Today was my lucky day, Dr. Costa happened to be working at the hospital today and was learning about the cases received overnight and then I could talk with her. Not long after Marcie tells me this Dr. Costa walks through the doors and stops dead in her tracks and looks at me then Marcie and back to me with a look of "Oh no, now what?!" on her face. I felt kind of bad, but at the same time it was a pretty priceless look.
I explained to her the diarrhea and we decided to take him off the metoclopramide which seems to have worked so far.
As I was walking away Dr. Costa told me I had a weird dog and I just smiled and shook my head saying I know.
I forgot to provide the results of the fecal received yesterday!!! So working in WADDL I had the inside, unofficial results. 10 oocysts (a cyst containing a zygote of the parasite) per gram of coccidiosis. So of course I tell Dr. Costa and the problem is it is not enough to be pathogenic. However, never hurts to treat! So he got Drontal Plus (anti-parasitic) as well as Albon an antibiotic.
And now for today. I bring him in early and Marcie (the awesome and stupendous 4th year student on his case!) tells me they have two options for his endoscopic biopsy. At 11am or 3pm. So of course at 11 I call and find out he is going in. Not even 30 minutes later I get another call, Guimauve's stomach was full of food! So I get the (nice) Spanish Inquisition as to how he might have grown opposable thumbs and opened a refrigerator door to get to the canned food. For everyone's knowledge he is on z/d at the moment. z/d is a food for dogs with allergies so it is pretty much hydrolyzed chicken (easily absorbed) corn starch and water with vitamins and minerals. Guimauve practically inhales it though!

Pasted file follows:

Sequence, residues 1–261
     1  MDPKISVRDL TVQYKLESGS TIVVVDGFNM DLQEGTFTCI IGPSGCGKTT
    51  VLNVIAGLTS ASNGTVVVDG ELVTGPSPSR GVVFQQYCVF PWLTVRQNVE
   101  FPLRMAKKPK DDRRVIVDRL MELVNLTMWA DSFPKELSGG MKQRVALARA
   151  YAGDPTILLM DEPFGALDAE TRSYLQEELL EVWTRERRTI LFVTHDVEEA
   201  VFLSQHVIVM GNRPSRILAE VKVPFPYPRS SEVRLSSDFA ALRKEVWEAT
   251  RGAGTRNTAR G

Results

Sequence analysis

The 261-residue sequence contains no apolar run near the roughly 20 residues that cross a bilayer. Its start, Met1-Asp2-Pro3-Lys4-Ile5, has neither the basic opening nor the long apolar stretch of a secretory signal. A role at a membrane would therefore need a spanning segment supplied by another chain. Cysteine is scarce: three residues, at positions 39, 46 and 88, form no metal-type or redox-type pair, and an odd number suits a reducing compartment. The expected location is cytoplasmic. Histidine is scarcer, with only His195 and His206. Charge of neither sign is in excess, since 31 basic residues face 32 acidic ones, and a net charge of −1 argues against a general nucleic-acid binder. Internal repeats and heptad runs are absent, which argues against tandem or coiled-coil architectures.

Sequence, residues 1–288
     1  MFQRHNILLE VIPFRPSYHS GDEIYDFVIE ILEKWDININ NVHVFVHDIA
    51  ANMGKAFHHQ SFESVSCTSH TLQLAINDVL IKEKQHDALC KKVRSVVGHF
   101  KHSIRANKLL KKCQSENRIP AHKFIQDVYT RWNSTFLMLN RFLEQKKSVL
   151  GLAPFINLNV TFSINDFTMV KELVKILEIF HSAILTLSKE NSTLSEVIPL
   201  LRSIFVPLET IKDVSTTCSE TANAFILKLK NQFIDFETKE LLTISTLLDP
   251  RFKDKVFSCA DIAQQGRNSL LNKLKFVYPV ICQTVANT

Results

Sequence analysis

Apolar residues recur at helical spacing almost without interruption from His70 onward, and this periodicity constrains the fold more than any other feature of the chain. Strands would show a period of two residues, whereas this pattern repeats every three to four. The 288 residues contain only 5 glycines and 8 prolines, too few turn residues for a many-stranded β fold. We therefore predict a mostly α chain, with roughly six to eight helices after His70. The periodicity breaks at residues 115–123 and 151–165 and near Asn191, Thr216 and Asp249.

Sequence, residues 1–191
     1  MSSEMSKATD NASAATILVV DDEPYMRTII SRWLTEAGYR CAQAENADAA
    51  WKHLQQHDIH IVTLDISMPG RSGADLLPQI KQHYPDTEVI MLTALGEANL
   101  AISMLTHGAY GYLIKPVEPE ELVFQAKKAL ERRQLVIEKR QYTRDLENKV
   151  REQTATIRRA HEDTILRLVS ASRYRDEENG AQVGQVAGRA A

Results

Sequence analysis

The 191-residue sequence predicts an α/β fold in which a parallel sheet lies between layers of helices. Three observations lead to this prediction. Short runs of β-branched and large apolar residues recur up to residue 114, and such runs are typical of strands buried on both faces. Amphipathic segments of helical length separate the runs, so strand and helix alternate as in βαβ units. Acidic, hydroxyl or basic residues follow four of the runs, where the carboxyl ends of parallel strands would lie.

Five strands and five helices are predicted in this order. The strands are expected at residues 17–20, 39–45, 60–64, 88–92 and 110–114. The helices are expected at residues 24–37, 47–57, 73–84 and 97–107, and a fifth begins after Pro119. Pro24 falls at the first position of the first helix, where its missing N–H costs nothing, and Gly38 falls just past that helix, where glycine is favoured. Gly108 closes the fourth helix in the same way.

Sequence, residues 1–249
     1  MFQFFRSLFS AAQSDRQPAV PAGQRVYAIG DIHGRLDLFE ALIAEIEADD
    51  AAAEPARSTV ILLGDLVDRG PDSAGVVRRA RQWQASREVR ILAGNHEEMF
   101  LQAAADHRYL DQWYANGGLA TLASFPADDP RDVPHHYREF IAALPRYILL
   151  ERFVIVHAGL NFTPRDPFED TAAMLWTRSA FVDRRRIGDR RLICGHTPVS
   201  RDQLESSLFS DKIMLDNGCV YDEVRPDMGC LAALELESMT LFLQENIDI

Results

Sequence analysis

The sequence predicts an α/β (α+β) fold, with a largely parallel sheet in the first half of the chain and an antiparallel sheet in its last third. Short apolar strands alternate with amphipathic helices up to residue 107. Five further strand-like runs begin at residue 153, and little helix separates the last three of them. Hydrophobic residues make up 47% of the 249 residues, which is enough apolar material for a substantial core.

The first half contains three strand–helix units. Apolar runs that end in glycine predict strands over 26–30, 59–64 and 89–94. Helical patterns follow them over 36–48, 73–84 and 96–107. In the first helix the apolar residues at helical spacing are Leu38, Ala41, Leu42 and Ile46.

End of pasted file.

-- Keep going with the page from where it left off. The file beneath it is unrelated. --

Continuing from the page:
+1 on the problems list. Delayed gastric emptying. (I can't help but picture House and his white board and thinking "One of these problems is not like the others"). The food in his stomach prevented them from getting a biopsy. I talked with Dr. Costa and Marcie about our weekend strategy when I picked Guimauve up. The top of the differential list is still a protein losing enteropathy.
So we have several directions to go now. First choice was to put him on metoclopramide to treat the vomiting that occurred from a full stomach and going under anesthesia as well as increase gastric motility for the weekend. Continuation of the plan is to have him off food and medication on Sunday night/Monday morn. Then he goes through a Barium study. Barium is a mineral that will show up on x-ray or in his case fluoroscope. Fluroscope is like an x-ray type machine that gives "real time" x-rays. This way they can determine strength of gastric contractions, motility and measure the amount of time it takes for food to pass through his digestive tract.
Once the time is determined we will then know how long to fast him before the endoscope and potentially solve why he has reduced gastric motility.